Question: I really enjoyed growing my own fresh herbs and vegetables this summer. Is it possible to grow them indoors during the winter? And if so, can you provide information on how to go about it?

Answer: Just because winter is right around the corner, you do not have to give up growing your own herbs and vegetables! By bringing your gardening skills indoors, you can have access to fresh, homegrown food year-round.

You may not be able to replicate your full outdoor garden, but there are quite a few plants you can grow indoors under the right conditions.

Whether you are starting with seeds, cuttings (some starts can be generated by rooting in water) or new plants, as with growing plants outdoors, certain conditions are needed in order for them to thrive — and for vegetables, the appropriate conditions to produce flowers and fruit. Light is one of the most important conditions; plants will need at least six to eight hours per day.

A good location is in a south facing window. For some plants this will be enough light to grow and thrive. However, our short and cloudy winter days will not be enough for many plants. For those needing more light, you can achieve this by using a full spectrum florescent bulb. Place the light directly above the plants, and consider putting the light on a timer to make sure the plants get the required amount of light each day.

In addition to light, soil type, the amount of water and humidity are also critical for growing healthy plants. Begin with a quality soilless potting mix. This will help avoid soil born diseases, and will also help with drainage.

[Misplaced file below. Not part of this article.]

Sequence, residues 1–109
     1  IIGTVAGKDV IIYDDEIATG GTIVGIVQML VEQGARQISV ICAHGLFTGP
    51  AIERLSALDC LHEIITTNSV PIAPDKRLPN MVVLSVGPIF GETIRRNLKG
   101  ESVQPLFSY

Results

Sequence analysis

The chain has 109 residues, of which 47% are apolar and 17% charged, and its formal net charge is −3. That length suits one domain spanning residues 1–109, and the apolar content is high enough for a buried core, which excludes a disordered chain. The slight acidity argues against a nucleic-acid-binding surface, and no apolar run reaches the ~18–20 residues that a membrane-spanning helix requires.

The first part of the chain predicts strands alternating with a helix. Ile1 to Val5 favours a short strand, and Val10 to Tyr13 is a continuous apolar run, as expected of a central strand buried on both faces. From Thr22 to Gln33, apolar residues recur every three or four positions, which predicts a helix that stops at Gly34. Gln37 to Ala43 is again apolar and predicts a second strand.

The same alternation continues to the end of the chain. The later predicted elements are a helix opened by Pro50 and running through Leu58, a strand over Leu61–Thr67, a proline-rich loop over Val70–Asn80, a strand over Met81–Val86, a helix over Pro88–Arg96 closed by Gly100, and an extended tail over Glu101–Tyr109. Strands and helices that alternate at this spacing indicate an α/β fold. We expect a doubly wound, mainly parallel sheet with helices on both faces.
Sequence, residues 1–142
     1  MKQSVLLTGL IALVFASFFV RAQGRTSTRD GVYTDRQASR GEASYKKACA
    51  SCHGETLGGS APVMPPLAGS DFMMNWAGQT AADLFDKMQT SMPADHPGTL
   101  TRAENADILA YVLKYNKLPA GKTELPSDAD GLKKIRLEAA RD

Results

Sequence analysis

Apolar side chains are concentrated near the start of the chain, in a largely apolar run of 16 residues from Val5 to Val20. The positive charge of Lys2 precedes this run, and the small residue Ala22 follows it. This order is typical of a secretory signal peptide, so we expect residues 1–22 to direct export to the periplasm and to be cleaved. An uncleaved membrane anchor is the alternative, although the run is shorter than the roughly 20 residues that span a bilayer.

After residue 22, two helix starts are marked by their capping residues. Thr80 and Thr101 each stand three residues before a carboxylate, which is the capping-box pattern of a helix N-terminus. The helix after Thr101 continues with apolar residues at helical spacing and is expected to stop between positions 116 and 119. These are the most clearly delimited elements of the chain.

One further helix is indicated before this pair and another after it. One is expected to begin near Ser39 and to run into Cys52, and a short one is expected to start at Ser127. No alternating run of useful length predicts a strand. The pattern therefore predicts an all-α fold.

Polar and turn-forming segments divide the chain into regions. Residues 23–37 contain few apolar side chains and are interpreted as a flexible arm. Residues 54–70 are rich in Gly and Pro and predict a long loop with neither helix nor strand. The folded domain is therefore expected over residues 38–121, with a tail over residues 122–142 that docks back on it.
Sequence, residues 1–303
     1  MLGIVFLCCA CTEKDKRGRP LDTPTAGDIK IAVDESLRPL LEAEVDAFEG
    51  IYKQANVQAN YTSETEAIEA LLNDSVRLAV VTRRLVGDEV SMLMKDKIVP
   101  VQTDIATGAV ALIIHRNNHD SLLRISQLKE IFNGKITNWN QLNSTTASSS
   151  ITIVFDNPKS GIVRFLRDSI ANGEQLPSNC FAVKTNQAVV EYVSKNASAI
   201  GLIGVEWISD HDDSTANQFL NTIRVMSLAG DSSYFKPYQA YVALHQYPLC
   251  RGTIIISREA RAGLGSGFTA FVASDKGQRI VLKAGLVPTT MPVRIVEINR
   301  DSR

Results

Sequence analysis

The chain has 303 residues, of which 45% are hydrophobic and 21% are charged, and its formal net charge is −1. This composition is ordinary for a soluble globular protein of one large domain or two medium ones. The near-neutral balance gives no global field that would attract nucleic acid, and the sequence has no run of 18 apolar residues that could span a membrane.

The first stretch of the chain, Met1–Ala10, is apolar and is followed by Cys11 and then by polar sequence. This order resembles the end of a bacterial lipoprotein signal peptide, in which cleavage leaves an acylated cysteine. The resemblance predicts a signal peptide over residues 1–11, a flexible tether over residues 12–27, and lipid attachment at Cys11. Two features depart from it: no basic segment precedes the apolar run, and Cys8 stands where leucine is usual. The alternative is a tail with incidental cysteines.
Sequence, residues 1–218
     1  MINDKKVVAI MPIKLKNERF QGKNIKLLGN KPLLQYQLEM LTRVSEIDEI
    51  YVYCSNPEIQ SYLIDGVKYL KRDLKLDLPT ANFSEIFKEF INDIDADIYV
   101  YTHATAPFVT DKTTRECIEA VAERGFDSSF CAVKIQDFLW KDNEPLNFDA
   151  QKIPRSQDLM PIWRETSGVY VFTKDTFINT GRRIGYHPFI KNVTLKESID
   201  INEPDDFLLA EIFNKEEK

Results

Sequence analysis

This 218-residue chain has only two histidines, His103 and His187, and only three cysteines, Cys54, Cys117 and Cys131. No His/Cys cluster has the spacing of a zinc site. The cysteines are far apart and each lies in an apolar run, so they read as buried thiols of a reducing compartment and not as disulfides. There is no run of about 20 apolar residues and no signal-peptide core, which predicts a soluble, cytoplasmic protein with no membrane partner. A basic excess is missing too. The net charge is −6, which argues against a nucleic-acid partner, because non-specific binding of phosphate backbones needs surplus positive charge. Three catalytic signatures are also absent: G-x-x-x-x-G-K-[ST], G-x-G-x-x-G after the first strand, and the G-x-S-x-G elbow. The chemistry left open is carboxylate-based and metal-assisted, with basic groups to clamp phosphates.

When considering a pot, choose a 6-12 inches deep unglazed pot with drain holes — it is also important to place the pot in a saucer to catch the water. Indoor plants can dry out quickly with the heat from furnaces and wood stoves, so regular water and humidity is important. Humidity around the plants can be increased by placing pebbles in the saucer, along with regular misting of the plants with water.

As for what to grow, herbs are a fairly easy choice for a kitchen garden. A sunny southern window often provides sufficient light. Not only are herbs an attractive kitchen decoration, they are also handy for snipping off just what you need when cooking.

If space is limited, consider herbs that grow more tall than wide, such as chives, basil, tarragon, parsley or rosemary. Other herbs to consider include thyme, lavender, oregano and mint. Herbs all do well with regular harvesting — snipping off 2-3 inches encourages more branches. However, for parsley and cilantro you will want to cut the entire stem off. The new growth will fill in from the bottom.

There is no need to limit yourself to herbs. Vegetables can also be grown indoors — however, they will need more and consistent light. This is where adding a full UV spectrum florescent light helps.

A sampling of vegetables to consider includes loose-leaf lettuce, radishes, carrots, cherry tomatoes (some varieties are better for indoor), onions, spinach, scallions and bush beans.

Water regularly to keep the soil moist. This is especially important when the plants begin to flower and fruit. Because they are not outside, they will not have bees to aid in pollination, so your assistance is needed.

This can be done by lightly shaking the plant (such as with tomatoes) or by brushing the blossoms with a small brush to transfer the pollen from a male to a female blossom. The addition of fertilizer every couple weeks will also help encourage growth and fruit. And if outdoor pests discover your indoor garden, treat by liberally spraying with a mixture of dish soap and water.

Happy indoor gardening!

Do you have a gardening question? Contact the Douglas County Master Gardeners via email at douglasmg@oregonstate.edu, by phone at 541-672-4461 or visit 1134 SE Douglas Ave., Roseburg. Douglas County Master Gardeners are trained volunteers who help the OSU Extension Service serve the people of Douglas County.

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